The M1 Carbine was the most produced American Infantry weapon of World War II. We built around 6.5 million of these tidy little rifles by the time the last shot was fired. At the apogee of production, we were producing 65,000 M1 Carbines a day. Truth be known, the Axis never had a chance.
One of the reasons for the Carbine’s success was its remarkably ergonomic chassis. At a time when most Infantry rifles were as long as a floor mop, and as heavy as Goliath’s bowling ball, the lithe little M1 Carbine was positively airy. From fetid Pacific jungles to bombed-out European villes, American GIs came to appreciate the utility of a compact, lightweight combat rifle that sported a decent magazine capacity. Those same attributes drive the Information Age Chiappa M1-9.
Chiappa guns are manufactured in Italy using modern manufacturing techniques. This means that there will be a few polymer parts to include the sights, trigger guard, and non-functional bayonet lug. Some corn-fed American shooters raised on the forged steel of the 1911 and Garand will balk at such stuff as un-American or somehow threatening to one’s virility. However, I found the Chiappa M1-9 rifle to be serviceable, reliable, and fun.
The Chiappa M1-9 Carbine looks like your granddad’s GI Carbine in dim light. However, a glance at the magazine gives notice that something is indeed amiss. The M1-9 is chambered for 9mm and is blowback operated. The M1-9 is fed from standard Beretta handgun magazines. The magazines accompanying the gun carry 10 rounds. Aftermarket 15, 17, and 30 rounders fit and feed fine as well.
As the M1-9 is blowback operated, it eschews the familiar rotating bolt and gas tappet of its military forebear. In its stead, is a surprisingly heavy bolt carrier that tends to counteract the spunky recoil impulse of the 9mm round. The manual of arms is the same as that of the GI gun.
The Chiappa M1-9 Carbine is available with either GI walnut or black polymer stocks. It can also be chambered for 9x21mm. Unlike the GI gun, the receiver comes standard with a dovetail for scope mounting. The Beretta pistol magazine utterly ruins the aesthetics of the rifle, but once you get past the wrongness of the pistol magazine jutting smartly from the bottom the utility of the gun becomes apparent.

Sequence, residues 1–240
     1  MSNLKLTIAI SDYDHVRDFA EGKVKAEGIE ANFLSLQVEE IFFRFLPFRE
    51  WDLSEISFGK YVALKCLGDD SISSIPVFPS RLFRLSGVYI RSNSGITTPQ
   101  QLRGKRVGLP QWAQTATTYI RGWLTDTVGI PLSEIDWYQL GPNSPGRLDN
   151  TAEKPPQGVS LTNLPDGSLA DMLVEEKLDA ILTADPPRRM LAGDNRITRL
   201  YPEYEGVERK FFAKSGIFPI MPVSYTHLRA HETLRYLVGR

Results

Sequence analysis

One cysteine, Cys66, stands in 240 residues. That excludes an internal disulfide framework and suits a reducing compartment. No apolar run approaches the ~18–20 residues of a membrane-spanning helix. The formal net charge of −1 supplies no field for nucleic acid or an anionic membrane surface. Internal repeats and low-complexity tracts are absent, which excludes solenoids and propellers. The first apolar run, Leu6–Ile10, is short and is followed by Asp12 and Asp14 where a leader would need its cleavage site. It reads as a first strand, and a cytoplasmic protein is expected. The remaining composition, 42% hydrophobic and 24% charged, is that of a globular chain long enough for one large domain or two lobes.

The basic Carbine design is not without its eccentricities. The front sight is heavily fenced, and the line of sight is nestled deep in the forearm. This can restrict your peripheral vision somewhat, but the low sight axis makes for minimal aiming error off the bore. The original sling mounts logically on the left side, using a clever little cylindrical oil bottle to hold it in place. The M1-9 doesn’t come with the sling or bottle, but it is available online it you want a low-priced reproduction.
The original gas-operated M1 Carbine is a joy to shoot. Recoil is piddly and magazine changes are seamless. The bolt does not lock to the rear on the last round fired, but it can be secured there for inspection. My original vintage M1 rifle will pop stumps, all day long, at 100 meters on my backyard shooting range.
The Chiappa M1-9 is a variation on the original theme. The chassis is identical, so the manual of arms remains unchanged. Recoil was spunkier than expected, however. The experience is in no way objectionable, but it was adequate to remind us that this was a real gun and not some rimfire toy. Unlike the GI Carbine, there is no mechanism to lock the bolt to the rear manually.
So, what exactly will the M1-9 do that your favorite Glock 17 won’t? That’s a reasonable question. The longer barrel will give you a little added horsepower but not much. Both guns carry about the same amount of onboard ammo, and the M1-9 is bulkier, heavier, and longer. However, that added bulk, heft, and length make the gun much easier to manage, particularly by neophyte shooters. The rifle chassis is innately more accurate and more readily controlled. The M1-9 would make a splendid home defense tool.
In generations past, the M1 Carbine was the most popular recreational firearm in the country. The M1-9 captures that same sweet stuff while running dirt-cheap ammo through readily available magazines. There were a few failures to eject early on, but that passed soon enough. The manual recommends a 150-round break-in period, and getting there is pure fun. The Chiappa M1-9 captures all that classic Carbine cool, yet it shoots for only pennies a round.